Variables affecting immediate pain tolerance in X-ray hysterosalpingography

Document Type





Objective: To determine the variables, which affect pain tolerance in x-ray hysterosalpingography (HSG).
Design: Cross-sectional comparative study.
Place and duration of study: Radiology departments of Civil and Bismillah Taqee Hospitals and Delhi Mercantile Medical Centre, Karachi from January 1999 to June 2003.
Patients and methods: The study included 250 patients who underwent x-ray HSG using small sized Leech Wilkinson cannula by the same radiologist. Informed verbal consent was obtained from all the patients. Pain was graded into tolerable and intolerable using a four-point visual analog scale (VAS) as well as the Pakistani coin scale after pre-medication with diclofenac (generic name). Standard procedures using day-light fluoroscopy was performed. Variables considered were age, indication of the procedure, type of infertility, whether primary or secondary, emotional state, motivation for investigation, presence or absence of cystocele, duration of procedure, type of contrast used, whether ionic or non-ionic, tubal patency and lastly the amount of contrast used in the procedure. Those patients having infection, cervical erosion, use of larger size of cannula and technical complications including excessive bleeding requiring the use of sanitary napkins and vascular intravasation were excluded. The obtained data was analyzed on SPSS version 10.0 using cross tabulation and Pearson's correlation coefficient. Significance was taken at p<0.05.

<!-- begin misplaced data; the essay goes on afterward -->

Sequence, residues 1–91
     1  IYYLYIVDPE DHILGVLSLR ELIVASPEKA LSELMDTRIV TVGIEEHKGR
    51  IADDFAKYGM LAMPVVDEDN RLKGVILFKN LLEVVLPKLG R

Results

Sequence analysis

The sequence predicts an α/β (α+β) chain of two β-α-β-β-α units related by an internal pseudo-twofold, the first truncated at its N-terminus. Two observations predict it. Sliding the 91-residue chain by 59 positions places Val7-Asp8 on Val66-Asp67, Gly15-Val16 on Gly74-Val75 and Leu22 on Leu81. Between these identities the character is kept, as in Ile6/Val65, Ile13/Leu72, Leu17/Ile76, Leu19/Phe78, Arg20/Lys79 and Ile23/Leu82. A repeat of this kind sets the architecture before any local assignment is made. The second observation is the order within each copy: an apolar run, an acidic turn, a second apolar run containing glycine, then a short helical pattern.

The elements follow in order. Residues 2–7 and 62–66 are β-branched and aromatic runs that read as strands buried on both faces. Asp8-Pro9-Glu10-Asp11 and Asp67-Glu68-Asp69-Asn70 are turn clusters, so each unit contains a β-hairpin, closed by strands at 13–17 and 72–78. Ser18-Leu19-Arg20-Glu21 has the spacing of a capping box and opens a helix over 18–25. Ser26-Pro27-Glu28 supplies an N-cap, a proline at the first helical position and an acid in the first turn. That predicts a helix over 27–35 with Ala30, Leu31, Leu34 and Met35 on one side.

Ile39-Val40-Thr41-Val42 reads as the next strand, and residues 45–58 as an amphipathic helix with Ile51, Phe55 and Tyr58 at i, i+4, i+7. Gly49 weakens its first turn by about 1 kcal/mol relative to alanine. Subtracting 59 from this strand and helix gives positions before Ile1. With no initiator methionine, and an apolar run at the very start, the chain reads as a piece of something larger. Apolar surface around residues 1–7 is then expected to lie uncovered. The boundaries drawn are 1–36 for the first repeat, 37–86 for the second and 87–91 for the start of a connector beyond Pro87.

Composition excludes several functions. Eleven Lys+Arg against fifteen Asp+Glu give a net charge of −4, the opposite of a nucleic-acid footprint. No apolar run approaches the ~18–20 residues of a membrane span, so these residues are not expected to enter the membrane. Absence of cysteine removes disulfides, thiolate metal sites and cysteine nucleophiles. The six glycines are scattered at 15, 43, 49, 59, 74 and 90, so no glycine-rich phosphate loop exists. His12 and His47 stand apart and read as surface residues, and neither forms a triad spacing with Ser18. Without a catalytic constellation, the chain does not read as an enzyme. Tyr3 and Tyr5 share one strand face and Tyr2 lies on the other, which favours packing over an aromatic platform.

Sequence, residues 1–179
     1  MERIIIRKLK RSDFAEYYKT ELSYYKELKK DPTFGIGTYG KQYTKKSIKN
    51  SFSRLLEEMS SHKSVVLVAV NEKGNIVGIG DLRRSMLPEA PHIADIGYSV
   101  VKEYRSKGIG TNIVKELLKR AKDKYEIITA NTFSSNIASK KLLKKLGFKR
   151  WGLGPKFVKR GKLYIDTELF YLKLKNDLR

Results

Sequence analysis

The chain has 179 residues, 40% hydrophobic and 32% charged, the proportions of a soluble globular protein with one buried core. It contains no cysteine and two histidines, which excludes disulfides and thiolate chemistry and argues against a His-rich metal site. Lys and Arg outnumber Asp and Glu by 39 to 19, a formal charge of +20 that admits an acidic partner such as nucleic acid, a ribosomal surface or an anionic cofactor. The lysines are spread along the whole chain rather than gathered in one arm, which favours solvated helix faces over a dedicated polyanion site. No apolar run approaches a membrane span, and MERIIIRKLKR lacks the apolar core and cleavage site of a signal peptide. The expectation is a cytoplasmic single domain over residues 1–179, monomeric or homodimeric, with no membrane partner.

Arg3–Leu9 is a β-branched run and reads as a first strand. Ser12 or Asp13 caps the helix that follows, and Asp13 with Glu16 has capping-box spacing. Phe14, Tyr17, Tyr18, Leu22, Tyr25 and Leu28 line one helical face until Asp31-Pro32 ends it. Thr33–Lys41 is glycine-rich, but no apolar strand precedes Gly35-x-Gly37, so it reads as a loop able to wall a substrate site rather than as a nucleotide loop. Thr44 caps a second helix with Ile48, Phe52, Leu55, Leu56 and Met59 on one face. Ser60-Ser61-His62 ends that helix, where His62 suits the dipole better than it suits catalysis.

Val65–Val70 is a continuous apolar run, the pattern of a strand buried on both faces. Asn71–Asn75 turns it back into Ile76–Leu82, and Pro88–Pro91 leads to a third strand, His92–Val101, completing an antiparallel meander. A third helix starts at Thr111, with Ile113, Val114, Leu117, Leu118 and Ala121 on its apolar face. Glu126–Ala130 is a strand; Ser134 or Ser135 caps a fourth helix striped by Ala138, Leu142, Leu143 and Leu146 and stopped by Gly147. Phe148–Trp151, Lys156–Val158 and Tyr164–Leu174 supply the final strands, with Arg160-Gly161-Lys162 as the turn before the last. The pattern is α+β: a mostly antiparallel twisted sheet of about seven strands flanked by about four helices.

Results: The mean age of the patients was 30 years. Amenorrhea, secondary infertility, apprehension, prolonged procedure time (>15 minutes) and the use of ionic contrast media were the variables significantly associated with intolerable pain during the procedure. Primary infertility, calm emotional state, self-motivation, absence of cystocele and short procedure duration were associated with good pain tolerance. The amount of contrast used and tubal patency status had no significant association.
Conclusion: In the setting of base line pre-medication with diclofenac and minimal cervical trauma, amenorrhea, primary infertility, emotional state, self-motivation, procedure duration, and the presence or absence of cystocele significantly affect pain tolerance during the procedure. Amount of contrast used and tubal patency does not affect pain tolerance. Effect of the type of contrast medium requires further confirmation on a larger number of patients.

Publication (Name of Journal)

Journal of the College of Physicians and Surgeons--Pakistan : JCPSP